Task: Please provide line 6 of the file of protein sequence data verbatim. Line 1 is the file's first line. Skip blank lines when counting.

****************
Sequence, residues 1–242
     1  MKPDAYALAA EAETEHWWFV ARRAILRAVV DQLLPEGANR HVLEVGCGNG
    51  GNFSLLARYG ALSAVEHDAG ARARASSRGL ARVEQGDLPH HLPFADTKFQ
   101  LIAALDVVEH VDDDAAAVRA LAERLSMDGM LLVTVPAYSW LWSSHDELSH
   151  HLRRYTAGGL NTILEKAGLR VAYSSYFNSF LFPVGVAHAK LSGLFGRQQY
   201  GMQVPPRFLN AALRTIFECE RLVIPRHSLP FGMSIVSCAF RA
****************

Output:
   201  GMQVPPRFLN AALRTIFECE RLVIPRHSLP FGMSIVSCAF RA